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Randomized Controlled Trial
, 2 (3), 254-9

Unblinding of Trial Participants to Their Treatment Allocation: Lessons From the Prospective Study of Pravastatin in the Elderly at Risk (PROSPER)

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Randomized Controlled Trial

Unblinding of Trial Participants to Their Treatment Allocation: Lessons From the Prospective Study of Pravastatin in the Elderly at Risk (PROSPER)

Eleanor M Dinnett et al. Clin Trials.

Abstract

Background: The gold standard clinical trial design is the double-blind, randomized, controlled trial. No standard practice exists for the "unblinding" of trial participants and no legal obligation is placed on investigators to inform participants of their treatment allocation or study results at the end of a trial. Here we document our experiences of unblinding the 2520 Scottish participants in the Prospective Study of Pravastatin in the Elderly at Risk (PROSPER).

Methods: The objectives of the PROSPER unblinding process were to provide all study participants with their study medication status and on-trial cholesterol levels and to respect the rights of participants not to be unblinded. It was considered imperative by the study executive that the blind was maintained until the presentation and publication of the results. Staff therefore remained "blinded" throughout the unblinding process. Inappropriate contact with the PROSPER participants was avoided by confirming their current vital status and health status.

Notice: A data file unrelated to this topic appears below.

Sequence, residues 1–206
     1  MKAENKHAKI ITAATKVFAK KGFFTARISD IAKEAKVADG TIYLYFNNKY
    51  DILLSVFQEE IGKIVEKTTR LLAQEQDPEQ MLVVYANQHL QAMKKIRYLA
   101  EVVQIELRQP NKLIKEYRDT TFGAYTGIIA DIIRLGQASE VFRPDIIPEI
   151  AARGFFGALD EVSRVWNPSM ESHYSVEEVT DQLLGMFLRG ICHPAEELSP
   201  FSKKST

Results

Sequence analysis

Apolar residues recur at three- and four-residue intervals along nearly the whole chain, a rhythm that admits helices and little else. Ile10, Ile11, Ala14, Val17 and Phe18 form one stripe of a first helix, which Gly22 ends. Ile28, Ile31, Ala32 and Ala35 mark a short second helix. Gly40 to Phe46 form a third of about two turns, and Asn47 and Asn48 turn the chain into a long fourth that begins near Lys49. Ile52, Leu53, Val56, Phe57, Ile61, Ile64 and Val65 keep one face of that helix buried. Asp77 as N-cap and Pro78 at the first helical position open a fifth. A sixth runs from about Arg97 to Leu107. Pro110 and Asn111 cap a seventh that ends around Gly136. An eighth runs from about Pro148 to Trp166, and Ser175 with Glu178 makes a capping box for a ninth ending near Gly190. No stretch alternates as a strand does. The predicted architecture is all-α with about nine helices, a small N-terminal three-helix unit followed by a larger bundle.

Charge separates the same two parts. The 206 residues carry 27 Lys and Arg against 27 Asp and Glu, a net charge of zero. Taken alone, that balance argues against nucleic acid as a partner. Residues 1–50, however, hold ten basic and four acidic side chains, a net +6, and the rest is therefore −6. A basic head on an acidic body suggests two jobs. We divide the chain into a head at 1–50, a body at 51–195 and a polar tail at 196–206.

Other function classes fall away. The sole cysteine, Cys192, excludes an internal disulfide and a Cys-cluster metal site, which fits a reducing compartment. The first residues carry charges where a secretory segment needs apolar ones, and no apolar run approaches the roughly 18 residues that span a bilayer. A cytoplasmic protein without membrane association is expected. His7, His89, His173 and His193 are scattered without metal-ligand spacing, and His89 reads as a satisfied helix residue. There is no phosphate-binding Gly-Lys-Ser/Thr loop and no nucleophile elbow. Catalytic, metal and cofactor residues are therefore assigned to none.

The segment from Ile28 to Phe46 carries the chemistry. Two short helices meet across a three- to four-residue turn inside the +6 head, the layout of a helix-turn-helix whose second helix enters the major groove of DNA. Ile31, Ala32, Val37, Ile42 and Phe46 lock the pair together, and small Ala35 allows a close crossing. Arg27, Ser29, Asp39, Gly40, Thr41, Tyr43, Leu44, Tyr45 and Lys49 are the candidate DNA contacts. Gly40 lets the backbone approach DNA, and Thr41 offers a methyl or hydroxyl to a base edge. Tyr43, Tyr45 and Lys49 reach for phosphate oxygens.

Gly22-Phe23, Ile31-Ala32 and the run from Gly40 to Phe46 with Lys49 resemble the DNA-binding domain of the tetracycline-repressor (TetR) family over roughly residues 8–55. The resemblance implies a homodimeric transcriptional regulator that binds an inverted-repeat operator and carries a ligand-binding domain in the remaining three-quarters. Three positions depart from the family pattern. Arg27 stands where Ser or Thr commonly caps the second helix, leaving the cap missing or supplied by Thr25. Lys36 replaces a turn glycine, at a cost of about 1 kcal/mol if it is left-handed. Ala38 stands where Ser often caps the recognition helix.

Results: To coincide with the presentation of the PROSPER results, all participants, for whom it was deemed appropriate, were sent a summary of the results and were offered the opportunity to be advised of their treatment allocation and on-trial lipid profiles. The majority of participants opted for telephone unblinding. All primary care physicians who had patients randomised to the study were also sent a summary of the study results and sealed documents detailing the treatment allocation and lipid profiles for each patient. Relocated patients were traced and the information forwarded to their new primary care physicians.

Conclusion: The dissemination of study results and treatment allocation to study participants is an integral part of the research process and should be included in the design of any clinical trial.

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